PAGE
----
Planning Commission tables zone change for shopping center; Boulder Creek Commons, Crossings

City of St. George Planning Commission meeting, St. George, Utah, Jan. 21, 2014 | Photo by Natalie Barrett, St. George News

ST. GEORGE – The St. George Planning Commission meeting on Tuesday was full, leaving many standing in the doorways as Stephen Sheffield, representing his company Shefco, applied to change a single family residential zone to a planned development commercial zone at the intersection of River Road and 1450 South.  The application was tabled for 30 days so a committee of neighbors could be formed and concerns could be addressed. It will be brought back to the planning commission on Feb. 25 at 5 p.m. The zone change will affect Boulder Creek Commons and Boulder Creek Crossings, on the east and west sides of River Road, respectively.

Sheffield said his family has envisioned a beautiful shopping center on the proposed location for 25 years. As they have been waiting for the right time to build, they have been preparing by helping the city establish and widen roads, providing power lines, storm drains, sewage, lighting, trail head, design and studies for the area.

“It was a very tough burden for a small family who was only interested in this part, but because the city asked us to, we built those,” Sheffield said. “We are very committed to this.”

The level of commitment was evident and Sheffield said that many of the concerns that neighbors came with could be resolved with planning and design. Concerns discussed in the meeting included property values, crime and traffic, adequate notice given, flooding, and uses for the property.

Property Values and Residential Buffer Zone

Property values was a large concern to everyone in the meeting, including Sheffield as his home is also in the neighborhood of the shopping center.

Sheffield said property values will increase because the shops will be aesthetically pleasing and convenience factor will increase.

The artist’s rendition shown during Sheffield’s presentation of the center showed a contemporary desert style, with shops with character that will look the same from the front and back.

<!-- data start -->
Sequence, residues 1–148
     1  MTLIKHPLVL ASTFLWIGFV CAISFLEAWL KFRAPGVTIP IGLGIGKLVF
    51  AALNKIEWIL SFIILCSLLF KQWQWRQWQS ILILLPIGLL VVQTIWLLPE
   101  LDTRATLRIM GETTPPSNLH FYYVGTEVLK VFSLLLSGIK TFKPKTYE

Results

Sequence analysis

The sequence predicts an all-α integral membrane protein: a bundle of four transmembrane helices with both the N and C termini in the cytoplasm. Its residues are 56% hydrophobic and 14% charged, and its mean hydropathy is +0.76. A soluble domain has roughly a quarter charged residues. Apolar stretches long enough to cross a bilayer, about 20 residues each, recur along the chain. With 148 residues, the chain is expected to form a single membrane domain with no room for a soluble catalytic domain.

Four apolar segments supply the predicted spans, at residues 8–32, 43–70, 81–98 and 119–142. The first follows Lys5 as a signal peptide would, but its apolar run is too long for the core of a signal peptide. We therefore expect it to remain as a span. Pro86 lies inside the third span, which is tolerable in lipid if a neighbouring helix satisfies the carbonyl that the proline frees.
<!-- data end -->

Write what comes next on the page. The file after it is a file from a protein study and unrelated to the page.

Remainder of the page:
David Cole of the homeowners association in Boulders said property values will decrease because of the noise, traffic and other nuisances it will bring. “I don’t know of any upscale community that would want a big box grocery store right up next to them,” Cole said.

A homeowner,Dianne Bromley, said that it will increase the value of her property and make lives easier. “I never experienced that those shopping centers increased our traffic. They made our lives simpler and made our worlds smaller,” Bromley said.

Crime and Traffic

Because the area will be developed and lighted, it was argued that it will be easier for policemen to patrol.

On the other hand, neighbors expressed concern over the Maverick and other potential stores that could bring late night customers and potentially increase crime.

Traffic is a large issue and a problem already for the Boulders’ community.

“To develop this residential area into commercial will significantly harm the single family residents of this area. The traffic noise, air and otherwise pollution will be extensive and substantially harmful to our children and our way of life, speaking of children, I have six,” Ronna Marker said. “The business that Mr. Sheffield is proposing which included a McDonald’s will not pump substantial money into our community, nor will it provide an enhanced quality of life and service to area residents which he claimed at the economic summit. Instead it will take money from our locally owned and operated businesses, congest our main roads and cause a rise in criminal activity.”